Upgrading a Laminator for Toner Transfer PCBs

If you need a circuit board now, you’re probably looking at a toner transfer process; all you need to make a PCB is a copper clad board, a laser printer, some special paper, and the usual etching chemicals. The quality of these boards is highly dependant on the quality of transferring toner to the copper, and getting the process right is as much an art as it is a science. A clothes iron is the easy way of transferring the toner to the board, but if you’re looking for repeatability, you’ll probably want a laminator.

Laminators, too, also vary in quality. The king of toner transfer laminators is the Apache AL13P. With four heated rollers and a steel chassis, it’s enough to do some serious heating. [mosaicmerc] came up with an amazing mod for his Apache laminator that takes all the guesswork out of the settings, and does it all in one pass for maximum repeatability and PCB quality.

The Apache laminator in question is a beast of a machine that drives four rollers with a synchronous motor and also has a ‘reverse’ button that sends the laminations out the front end of the printer. Stock, a toner transfer PCB would require dozens of passes through the Apache, but [merc]‘s mod takes care of everything for you.

The addition that makes this possible is a small board with a PIC12 microcontroller. This microcontroller connects the motor driver board and the display interface together, triggering the reverse button to move the board 5/8″ forward and 1/2″ back, giving the laminator an effective speed reduction of 12:1. This method also has the bonus of not tampering with the motor or control circuitry, and allows for multiple passes in the same run.

With this modification, the Apache AL13P becomes the perfect solution to transferring toner to a piece of copper, with the ability to transfer 10mil traces on 1oz copper. The board also offers some other features like thermal sensor failure shutdown and a cool-down mode that overrides the heater. If you’re looking for an easy way to step up your toner transfer PCBs, you can’t do much better than this mod.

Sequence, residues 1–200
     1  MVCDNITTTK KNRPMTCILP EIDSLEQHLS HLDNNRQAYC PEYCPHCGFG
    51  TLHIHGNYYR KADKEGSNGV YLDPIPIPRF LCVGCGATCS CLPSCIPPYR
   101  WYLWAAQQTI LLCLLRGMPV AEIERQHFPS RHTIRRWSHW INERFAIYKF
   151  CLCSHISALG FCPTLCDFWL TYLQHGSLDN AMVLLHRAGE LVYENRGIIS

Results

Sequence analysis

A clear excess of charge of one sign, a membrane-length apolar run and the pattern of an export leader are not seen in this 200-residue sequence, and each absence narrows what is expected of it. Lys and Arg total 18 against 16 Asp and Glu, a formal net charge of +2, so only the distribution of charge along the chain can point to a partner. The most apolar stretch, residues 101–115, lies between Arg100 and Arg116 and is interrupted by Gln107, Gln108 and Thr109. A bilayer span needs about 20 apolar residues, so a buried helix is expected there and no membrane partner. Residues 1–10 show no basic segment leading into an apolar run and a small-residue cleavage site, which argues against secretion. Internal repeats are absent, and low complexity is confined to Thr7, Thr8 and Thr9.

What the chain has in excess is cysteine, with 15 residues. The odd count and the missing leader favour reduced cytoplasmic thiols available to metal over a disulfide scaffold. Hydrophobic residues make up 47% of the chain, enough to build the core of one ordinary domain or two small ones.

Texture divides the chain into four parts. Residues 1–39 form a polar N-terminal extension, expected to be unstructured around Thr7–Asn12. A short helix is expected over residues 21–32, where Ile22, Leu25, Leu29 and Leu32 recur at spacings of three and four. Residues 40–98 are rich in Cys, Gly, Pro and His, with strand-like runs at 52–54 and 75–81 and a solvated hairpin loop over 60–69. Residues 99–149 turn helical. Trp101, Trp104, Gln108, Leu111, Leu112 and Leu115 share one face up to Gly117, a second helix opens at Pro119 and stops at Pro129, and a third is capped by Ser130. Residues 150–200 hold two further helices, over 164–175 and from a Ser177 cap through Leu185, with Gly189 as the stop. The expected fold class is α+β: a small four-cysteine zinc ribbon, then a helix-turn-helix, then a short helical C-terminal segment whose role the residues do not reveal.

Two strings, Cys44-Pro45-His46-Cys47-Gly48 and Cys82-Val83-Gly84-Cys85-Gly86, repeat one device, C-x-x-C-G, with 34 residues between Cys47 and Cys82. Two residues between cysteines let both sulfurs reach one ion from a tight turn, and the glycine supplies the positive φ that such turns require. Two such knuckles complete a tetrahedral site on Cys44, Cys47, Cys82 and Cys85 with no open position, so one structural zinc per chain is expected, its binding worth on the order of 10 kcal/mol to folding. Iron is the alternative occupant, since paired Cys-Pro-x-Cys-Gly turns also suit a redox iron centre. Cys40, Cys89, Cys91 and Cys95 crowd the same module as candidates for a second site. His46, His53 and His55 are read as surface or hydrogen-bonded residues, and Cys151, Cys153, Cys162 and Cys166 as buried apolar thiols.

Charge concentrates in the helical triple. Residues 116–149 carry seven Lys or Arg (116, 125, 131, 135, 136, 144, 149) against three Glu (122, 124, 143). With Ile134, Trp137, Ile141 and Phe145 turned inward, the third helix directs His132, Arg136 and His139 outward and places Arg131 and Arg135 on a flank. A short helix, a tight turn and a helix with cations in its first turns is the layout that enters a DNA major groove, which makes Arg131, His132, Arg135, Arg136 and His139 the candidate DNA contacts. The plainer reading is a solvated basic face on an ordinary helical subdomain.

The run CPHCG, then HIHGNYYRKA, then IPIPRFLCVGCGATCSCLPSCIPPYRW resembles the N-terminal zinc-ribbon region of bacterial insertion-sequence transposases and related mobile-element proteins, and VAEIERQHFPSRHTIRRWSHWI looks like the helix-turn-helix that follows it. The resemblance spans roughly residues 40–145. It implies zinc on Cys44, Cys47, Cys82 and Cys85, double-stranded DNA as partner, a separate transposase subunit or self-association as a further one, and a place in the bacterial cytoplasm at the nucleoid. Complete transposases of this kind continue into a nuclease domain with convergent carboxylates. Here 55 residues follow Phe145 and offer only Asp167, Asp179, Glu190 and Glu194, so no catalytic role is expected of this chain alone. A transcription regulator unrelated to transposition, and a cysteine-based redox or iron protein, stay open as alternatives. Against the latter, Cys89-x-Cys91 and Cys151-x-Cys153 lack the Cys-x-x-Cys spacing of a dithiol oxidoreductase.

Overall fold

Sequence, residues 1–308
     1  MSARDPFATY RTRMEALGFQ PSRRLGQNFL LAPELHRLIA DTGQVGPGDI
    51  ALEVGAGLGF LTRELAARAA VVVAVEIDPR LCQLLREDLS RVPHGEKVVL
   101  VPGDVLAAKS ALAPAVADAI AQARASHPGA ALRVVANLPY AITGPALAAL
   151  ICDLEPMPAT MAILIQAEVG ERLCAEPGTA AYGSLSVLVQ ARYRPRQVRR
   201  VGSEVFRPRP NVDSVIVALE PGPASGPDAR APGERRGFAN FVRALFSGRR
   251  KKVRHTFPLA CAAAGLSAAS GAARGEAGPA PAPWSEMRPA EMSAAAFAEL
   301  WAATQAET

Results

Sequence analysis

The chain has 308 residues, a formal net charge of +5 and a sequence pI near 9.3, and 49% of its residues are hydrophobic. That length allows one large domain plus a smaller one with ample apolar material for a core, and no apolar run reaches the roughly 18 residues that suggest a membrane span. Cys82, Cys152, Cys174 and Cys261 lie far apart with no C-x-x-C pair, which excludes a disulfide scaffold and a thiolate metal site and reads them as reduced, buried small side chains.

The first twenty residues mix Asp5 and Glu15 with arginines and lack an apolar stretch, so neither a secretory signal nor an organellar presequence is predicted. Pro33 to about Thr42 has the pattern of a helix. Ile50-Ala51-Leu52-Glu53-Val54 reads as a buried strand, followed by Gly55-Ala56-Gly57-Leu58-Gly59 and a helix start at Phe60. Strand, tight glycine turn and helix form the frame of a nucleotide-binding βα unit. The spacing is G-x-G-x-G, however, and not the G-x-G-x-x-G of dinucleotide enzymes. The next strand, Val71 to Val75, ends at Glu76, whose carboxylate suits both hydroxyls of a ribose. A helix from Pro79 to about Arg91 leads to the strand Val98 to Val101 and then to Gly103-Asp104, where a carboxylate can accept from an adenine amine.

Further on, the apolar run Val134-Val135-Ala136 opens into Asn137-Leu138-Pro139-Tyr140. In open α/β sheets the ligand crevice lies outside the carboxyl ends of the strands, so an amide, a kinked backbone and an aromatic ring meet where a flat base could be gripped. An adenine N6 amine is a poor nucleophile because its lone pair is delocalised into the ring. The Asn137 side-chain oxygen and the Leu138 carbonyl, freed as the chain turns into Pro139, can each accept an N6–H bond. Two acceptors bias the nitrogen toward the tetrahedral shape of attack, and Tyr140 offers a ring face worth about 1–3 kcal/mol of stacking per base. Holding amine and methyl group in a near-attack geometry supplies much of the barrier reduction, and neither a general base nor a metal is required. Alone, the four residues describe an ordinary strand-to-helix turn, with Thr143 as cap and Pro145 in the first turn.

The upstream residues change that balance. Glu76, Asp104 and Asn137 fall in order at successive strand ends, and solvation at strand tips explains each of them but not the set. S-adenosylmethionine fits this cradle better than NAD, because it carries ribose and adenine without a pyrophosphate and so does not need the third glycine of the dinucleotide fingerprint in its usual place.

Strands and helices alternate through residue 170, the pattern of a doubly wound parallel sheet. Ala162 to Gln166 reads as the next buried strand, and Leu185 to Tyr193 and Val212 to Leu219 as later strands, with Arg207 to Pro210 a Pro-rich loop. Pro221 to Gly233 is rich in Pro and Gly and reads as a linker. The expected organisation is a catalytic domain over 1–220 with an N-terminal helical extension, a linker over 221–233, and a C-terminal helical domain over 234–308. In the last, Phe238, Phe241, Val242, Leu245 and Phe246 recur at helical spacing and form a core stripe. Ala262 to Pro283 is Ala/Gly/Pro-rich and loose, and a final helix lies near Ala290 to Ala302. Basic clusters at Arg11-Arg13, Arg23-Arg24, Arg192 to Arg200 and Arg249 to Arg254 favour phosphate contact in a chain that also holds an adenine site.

Playing DVDs on an iPad

[Harrison Jackson] figured out how to add DVD playback to an iPad. It doesn’t require a jailbreak, or any hardware modifications to your prized tablet. The work is done with some server-side processing and played back through the browser.

The popular open-source multimedia player VLC has the ability to encode from the command line during playback. [Harry's] option flag mastery of the program allows him to convert a DVD to a 320×240 format that is iPad friendly. But this alone doesn’t get the video any closer to being on the iDevice. You’ll need to be running a webserver that can stream video. This example is on OSX, but since he’s using an Apache server it should be simple to reproduce on any Unix variant. Once you’ve enabled m3u8 files in the Apache mime-types, the iPad browser can be pointed to the file address VLC is kicking out and you’ll be watching a movie in no time.

We’ve wondered about replacing our home theater front-end with an ATV 2 running XBMC but the thought of having no optical drive in the living room requires some contemplation. If this becomes a feasible option (that isn’t downscaled from DVD quality) it will be a no-brainer to make that jump.

Don’t miss the demo video after the break. Full instruction are in the comment section of that clip.

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The basics of controlling an Arduino with PHP

You can easily add Internet-based control for your Arduino if it is close enough to your server to be connected via USB. This tutorial will give the basics you need to get it working.

The gist of this method involves a webpage that includes PHP elements. When one of those elements is manipulated, a command is sent via serial connection to the Arduino which then reacts based on what it received. This example uses an Ubuntu box that is running an Apache server. The Arduino sketch sets up the serial connection and then listens for incoming traffic. Whenever it receives a non-zero character an LED will blink. On the server side of things you’ll need to make sure that the system user that runs Apache (www-data) has permission to write to a serial port.